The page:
A "profoundly negative culture" within the Diocese of Chichester led to two decades of child protection failures, a report has concluded.
The inquiry by the Archbishop of Canterbury's office said "fresh and disturbing" aspects of the way abuse claims were handled keep surfacing.
Lambeth Palace has said it will now oversee clergy appointments and child protection matters in Sussex.
Three local priests have been charged this year with child sex offences.
The report by Archbishop of Canterbury Dr Rowan Williams's office is believed to be the first of its kind in the Church of England for more than a century.
It stated: "It is clear to us that many lives have been blighted.
"Some have sought justice through the courts of law. Clergy have gone to prison for their abuse of children.
"We are clear that those who have sought justice through the courts are but the tip of the iceberg."
The report said the abuse was made worse by the "very slow" way the diocese recognised events and failed to act with "rigour and expedition".
"A whole series of investigations and reports across nearly two decades bears witness to a profoundly unhelpful and negative culture in parts of the diocese that led to its failure to take the action needed," it added.
Responding to the report, Dr Williams said in a statement: "Safeguarding and appointments matters should be conducted under the supervision of this office until uniformly better practice can be assured."
The report also said the diocese had "lost the respect" of many in the public services who safeguard children and vulnerable adults.
East Sussex County Council said the report "accurately identifies the dysfunctional nature" of the response to allegations and the relationships within the dicoese's senior team.
Director of children's services Matt Dunkley said: "We have been deeply frustrated by the slow and sometimes ineffective response to the concerns we have raised, including the length of time taken to produce this report."
Lambeth Palace's interim report followed one by Baroness Butler-Sloss last May which found there had been "a lack of understanding of the seriousness of historic child abuse".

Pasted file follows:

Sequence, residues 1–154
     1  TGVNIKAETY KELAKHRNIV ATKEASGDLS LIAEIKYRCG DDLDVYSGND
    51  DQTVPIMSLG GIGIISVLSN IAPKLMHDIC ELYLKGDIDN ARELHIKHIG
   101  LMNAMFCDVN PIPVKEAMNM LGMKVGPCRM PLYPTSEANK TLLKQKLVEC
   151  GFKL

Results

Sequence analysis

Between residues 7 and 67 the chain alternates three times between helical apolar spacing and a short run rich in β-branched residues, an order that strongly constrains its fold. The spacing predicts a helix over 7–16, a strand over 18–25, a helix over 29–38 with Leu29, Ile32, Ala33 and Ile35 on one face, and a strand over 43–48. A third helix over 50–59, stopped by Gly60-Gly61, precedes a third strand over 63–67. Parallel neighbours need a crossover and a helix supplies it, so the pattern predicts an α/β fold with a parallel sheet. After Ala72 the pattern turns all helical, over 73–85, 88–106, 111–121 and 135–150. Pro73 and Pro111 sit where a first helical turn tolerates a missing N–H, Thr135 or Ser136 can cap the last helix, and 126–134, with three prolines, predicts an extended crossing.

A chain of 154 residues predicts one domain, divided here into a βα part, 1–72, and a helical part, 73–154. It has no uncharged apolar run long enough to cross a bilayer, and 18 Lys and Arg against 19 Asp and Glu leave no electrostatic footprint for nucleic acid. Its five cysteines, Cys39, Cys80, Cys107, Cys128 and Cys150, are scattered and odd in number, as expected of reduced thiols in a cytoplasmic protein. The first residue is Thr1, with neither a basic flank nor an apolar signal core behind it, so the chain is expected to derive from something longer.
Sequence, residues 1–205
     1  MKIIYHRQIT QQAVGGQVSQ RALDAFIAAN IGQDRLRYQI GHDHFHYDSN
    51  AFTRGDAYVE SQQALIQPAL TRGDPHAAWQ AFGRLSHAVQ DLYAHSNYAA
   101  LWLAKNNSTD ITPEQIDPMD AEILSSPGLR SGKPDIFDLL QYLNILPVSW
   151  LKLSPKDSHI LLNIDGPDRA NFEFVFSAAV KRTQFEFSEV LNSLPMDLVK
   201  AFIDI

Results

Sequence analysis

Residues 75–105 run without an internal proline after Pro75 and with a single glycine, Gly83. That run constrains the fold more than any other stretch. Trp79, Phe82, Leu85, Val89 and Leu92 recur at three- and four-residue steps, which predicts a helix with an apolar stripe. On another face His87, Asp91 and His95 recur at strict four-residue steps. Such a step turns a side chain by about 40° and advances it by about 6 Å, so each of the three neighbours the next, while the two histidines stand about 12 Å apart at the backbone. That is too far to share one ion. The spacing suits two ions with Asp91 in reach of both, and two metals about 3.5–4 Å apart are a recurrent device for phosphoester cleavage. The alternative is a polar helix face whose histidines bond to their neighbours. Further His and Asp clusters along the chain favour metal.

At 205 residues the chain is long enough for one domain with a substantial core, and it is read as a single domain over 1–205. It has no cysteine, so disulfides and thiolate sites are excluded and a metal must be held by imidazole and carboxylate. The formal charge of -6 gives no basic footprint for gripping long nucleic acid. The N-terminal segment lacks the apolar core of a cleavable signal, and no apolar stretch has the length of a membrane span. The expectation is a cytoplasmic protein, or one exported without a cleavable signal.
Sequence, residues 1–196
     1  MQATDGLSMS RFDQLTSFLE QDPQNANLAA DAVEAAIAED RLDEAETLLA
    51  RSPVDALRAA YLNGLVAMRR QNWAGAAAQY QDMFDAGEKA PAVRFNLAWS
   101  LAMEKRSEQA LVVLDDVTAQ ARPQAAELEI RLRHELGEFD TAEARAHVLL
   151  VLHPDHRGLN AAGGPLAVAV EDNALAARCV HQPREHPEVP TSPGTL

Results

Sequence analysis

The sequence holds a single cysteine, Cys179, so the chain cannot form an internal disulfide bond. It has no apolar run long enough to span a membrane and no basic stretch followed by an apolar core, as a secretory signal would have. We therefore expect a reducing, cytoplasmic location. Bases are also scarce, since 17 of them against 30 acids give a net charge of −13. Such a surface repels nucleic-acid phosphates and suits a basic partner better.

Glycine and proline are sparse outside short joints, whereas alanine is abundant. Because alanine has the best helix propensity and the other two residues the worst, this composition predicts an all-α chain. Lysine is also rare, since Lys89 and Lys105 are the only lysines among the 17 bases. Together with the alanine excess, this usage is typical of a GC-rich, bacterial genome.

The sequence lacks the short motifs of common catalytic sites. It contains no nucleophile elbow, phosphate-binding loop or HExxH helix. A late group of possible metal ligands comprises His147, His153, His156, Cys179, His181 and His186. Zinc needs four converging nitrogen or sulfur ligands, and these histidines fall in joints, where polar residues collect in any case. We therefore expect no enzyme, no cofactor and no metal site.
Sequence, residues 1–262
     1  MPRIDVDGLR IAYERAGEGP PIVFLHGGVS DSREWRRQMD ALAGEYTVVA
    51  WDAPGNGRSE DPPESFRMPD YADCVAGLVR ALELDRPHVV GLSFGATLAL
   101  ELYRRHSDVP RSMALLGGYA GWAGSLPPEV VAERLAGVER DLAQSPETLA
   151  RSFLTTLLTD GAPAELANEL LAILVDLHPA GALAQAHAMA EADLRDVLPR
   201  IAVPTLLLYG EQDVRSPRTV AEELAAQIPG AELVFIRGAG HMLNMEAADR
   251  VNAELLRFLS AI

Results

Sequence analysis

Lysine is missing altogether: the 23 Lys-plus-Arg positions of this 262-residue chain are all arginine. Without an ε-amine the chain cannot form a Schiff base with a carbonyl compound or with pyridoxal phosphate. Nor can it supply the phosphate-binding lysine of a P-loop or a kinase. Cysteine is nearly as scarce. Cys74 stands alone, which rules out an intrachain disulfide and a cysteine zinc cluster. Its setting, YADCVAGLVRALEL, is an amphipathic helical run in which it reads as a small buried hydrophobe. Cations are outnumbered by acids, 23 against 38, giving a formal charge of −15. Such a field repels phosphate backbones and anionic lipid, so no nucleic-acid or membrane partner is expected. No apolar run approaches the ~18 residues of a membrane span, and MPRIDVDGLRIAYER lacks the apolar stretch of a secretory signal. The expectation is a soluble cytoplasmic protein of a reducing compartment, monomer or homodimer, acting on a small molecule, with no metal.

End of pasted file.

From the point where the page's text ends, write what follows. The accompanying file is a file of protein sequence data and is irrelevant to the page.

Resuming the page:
The Church of England appointed her to examine how senior clergy dealt with historical claims of abuse.
It looked at the cases of Roy Cotton and Colin Pritchard, who abused children in the 1970s and 1980s.
'Wickedness and shamefulness'
Pritchard served as the vicar of St Barnabas, Bexhill, until 2007, when he was arrested over sex abuse claims. In 2008 he pleaded guilty to sexually abusing two boys and was jailed for five years.
Cotton was ordained in 1966, despite having a conviction for indecently assaulting a choirboy in the 1950s, and went on to abuse at least 10 boys from Eastbourne.
The latest report said however deep and sincere the apologies were for the abuse, they could not take away from the "wickedness and shamefulness" of what happened.
This year three former Church of England priests in the diocese have been charged with sexual offences against children.
Canon Gordon Rideout, 73, of Wannock, East Sussex, is accused of 38 sexual offences against 18 children and young teenagers.
The retired priest is alleged to have committed the offences between 1962 and 1973 in Crawley, London and Hampshire.
Robert Coles, 71, a retired priest from Eastbourne, faces 29 charges of sexual offences against three boys, allegedly committed from 1978 to 1984 in West Sussex, Cornwall, Devon, Somerset and the Isle of Wight.
And Father Wilkie Denford, 77, of Shoreham, West Sussex, has denied four charges of indecently assaulting a boy aged under 16 in the late 1980s.
A special helpline has been set up in conjunction with the NSPCC on 0800 389 5344.